DANVILLE — Set up similar to Skype, inmates at the Hendricks County Jail now use video visitation to communicate with their loved ones.
At a recent county commissioners’ meeting, Sheriff Brett Clark demonstrated the system to the commissioners by using a jail employee to call into the government center so they could see the program live.
The jail has had a video visitation system for some years, Clark said, but at the end of 2015, they switched to HomeWav, a site for web access visitation for correctional facilities.
“That system started failing and the contract was up so we started looking around to some different options,” he said. “It’s a lot more modern, like Facetime or Skype is what people would be most familiar with. It has really been a good thing for us.”
The HomeWav system was implemented in December 2015. So far this year, more than 5,100 calls have been made using it. The month of April alone had around 900. January, the first full month of service, had nearly 950 calls.
“It’s definitely a service people are taking advantage of,” Clark said.
There are currently 12 stations (one in each cell block) and the jail plans on adding a second station to each block.
A few designated people in the building can watch the video visit live or later because they are all recorded. For both the inmate and the outside caller, their screens say that the call is being recorded and monitored.
The system is still designed to honor privacy with clergy members or attorneys. Jail administrators can watch the call but the sound is off and it is not archived in the system.
Monitoring also focuses on making sure there is not gang communication, inappropriate dress or threats made to someone who has a restraining order. The jail administration has a right to shut down the call at any time.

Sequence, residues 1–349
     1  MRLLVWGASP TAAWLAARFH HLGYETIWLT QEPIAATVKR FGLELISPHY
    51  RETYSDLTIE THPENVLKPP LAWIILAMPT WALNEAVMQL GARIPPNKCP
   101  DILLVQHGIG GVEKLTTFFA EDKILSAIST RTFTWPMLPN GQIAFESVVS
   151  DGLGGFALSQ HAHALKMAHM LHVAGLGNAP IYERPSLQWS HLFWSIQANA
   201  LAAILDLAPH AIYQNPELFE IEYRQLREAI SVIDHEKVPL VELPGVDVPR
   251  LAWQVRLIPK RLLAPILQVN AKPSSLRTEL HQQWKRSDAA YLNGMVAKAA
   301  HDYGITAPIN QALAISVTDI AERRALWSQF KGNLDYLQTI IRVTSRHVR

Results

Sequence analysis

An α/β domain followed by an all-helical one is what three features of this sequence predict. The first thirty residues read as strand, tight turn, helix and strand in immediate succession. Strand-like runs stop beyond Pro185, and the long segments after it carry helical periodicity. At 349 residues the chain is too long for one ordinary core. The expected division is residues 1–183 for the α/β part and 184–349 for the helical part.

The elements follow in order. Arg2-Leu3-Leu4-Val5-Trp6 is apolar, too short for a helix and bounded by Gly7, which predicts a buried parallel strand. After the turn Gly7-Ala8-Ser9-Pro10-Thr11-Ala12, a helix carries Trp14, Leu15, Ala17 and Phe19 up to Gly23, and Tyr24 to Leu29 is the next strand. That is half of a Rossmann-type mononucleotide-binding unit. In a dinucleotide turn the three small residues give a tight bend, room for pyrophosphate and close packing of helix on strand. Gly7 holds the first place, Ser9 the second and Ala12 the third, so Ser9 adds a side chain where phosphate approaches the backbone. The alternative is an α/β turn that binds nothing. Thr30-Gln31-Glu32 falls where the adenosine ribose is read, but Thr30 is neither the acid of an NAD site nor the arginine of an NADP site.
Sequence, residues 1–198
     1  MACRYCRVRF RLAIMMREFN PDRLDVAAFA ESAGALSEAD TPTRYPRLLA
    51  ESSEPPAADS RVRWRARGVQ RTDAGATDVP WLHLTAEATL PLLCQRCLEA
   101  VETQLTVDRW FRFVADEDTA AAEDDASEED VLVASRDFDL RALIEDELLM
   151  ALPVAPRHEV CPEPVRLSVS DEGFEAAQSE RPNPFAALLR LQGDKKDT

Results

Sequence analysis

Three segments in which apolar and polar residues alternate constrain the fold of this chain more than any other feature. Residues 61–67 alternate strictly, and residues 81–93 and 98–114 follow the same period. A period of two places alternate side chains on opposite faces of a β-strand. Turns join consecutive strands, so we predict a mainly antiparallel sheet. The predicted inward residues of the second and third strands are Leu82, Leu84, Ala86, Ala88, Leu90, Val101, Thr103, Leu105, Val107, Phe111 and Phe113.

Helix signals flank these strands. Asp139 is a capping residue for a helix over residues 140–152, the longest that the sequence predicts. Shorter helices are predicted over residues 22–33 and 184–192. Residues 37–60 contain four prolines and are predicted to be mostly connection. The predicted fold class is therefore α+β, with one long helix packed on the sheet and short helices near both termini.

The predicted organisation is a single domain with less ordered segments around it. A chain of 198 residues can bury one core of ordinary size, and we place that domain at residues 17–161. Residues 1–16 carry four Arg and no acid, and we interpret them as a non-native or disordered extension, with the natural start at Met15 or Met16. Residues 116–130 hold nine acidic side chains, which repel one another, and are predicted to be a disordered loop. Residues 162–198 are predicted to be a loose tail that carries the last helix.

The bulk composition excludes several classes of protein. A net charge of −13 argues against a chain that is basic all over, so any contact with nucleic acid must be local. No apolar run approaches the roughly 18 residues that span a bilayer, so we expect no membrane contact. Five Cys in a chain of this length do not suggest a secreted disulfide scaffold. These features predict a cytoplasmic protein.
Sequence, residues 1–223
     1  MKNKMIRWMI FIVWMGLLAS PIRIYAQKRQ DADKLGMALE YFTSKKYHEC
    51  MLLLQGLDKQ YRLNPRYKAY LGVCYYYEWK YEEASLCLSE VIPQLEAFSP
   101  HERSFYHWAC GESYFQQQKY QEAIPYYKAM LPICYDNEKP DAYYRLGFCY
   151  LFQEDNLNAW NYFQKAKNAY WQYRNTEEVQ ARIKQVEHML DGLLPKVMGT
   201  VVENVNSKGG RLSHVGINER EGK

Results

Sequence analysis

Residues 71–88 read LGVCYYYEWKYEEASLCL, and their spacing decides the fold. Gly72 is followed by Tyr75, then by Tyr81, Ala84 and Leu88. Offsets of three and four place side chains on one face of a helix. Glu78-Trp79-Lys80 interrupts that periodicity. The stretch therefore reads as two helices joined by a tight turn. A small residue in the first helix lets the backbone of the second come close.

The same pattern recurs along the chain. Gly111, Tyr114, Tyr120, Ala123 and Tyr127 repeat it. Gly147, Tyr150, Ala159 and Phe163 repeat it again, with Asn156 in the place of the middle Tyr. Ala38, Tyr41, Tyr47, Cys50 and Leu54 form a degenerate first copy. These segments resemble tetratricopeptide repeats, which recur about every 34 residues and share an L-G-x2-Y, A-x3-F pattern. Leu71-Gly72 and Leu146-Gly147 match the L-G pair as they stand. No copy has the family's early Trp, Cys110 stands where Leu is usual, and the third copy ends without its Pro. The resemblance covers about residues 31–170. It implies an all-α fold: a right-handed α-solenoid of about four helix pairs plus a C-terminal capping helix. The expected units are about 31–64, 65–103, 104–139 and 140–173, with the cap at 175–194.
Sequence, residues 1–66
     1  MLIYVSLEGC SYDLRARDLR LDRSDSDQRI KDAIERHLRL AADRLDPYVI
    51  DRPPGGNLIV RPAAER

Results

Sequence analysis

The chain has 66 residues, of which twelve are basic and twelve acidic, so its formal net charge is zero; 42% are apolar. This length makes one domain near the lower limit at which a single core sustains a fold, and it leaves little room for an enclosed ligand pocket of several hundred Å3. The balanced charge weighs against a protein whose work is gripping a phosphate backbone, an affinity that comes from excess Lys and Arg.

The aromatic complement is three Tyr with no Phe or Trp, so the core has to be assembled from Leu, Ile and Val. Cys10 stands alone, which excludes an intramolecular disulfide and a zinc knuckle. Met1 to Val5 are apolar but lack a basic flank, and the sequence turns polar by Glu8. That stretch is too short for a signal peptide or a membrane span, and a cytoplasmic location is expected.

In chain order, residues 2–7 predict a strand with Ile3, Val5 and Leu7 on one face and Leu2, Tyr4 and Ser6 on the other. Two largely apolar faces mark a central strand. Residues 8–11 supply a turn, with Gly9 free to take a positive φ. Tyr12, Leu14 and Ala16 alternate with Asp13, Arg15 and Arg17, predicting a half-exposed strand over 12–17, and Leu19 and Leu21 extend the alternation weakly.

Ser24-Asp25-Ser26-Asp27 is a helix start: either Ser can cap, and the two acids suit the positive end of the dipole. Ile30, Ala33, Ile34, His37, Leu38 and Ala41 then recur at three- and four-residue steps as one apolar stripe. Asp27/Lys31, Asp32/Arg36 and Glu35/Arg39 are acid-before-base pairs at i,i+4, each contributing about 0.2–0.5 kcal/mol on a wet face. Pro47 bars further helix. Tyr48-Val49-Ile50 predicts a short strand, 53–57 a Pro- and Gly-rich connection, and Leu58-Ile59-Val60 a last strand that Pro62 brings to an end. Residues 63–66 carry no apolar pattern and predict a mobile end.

To use the service, a person has to get pre-approved to talk to a specific inmate.
“What is unique about this system is the inmate initiates the call,” John Gramling, support specialist at the jail, said. “You as the loved one outside can’t call in to the inmate. You can log in and be available and the inmate can contact you.”
There is a fee to use this service. The system, computers and cameras cost money to purchase and maintain.
It is free for people to visit on site at the jail. They still use the video system, unlike previous years where there was a glass barrier and it was set up like a telephone booth.
Those who come to the jail are limited to two scheduled visits a week, simply to help monitor the amount of foot traffic in and out and also to keep the movement of inmates low. The stations are in the cell blocks. The video calls are unlimited and only based on how much money a person puts toward the calls.
The inmates have liked the system, but there have been some complaints from the outside.
“If you have really horrible internet at home, you’re going to have a pretty horrible experience trying to connect,” Gramling said. “Ten out of 10 times [when we get complaints], the home connection is terrible.”
But overall, most users have a great experience and a bad call is not the norm, Clark said.
Users can also send video messages for a small fee to a person who is not online. There is a HomeWav app for those who prefer cell phone video visits versus using a computer.
“I think the best part of it is it’s a good tool for the inmates and their families,” Clark said. “Especially with family out of state.”
To learn more about HomeWav, visit the website at http://app.homewav.com/info/how-it-works.
Follow Hendricks County Flyer reporter Sara Nahrwold on Twitter at @saranahrwold.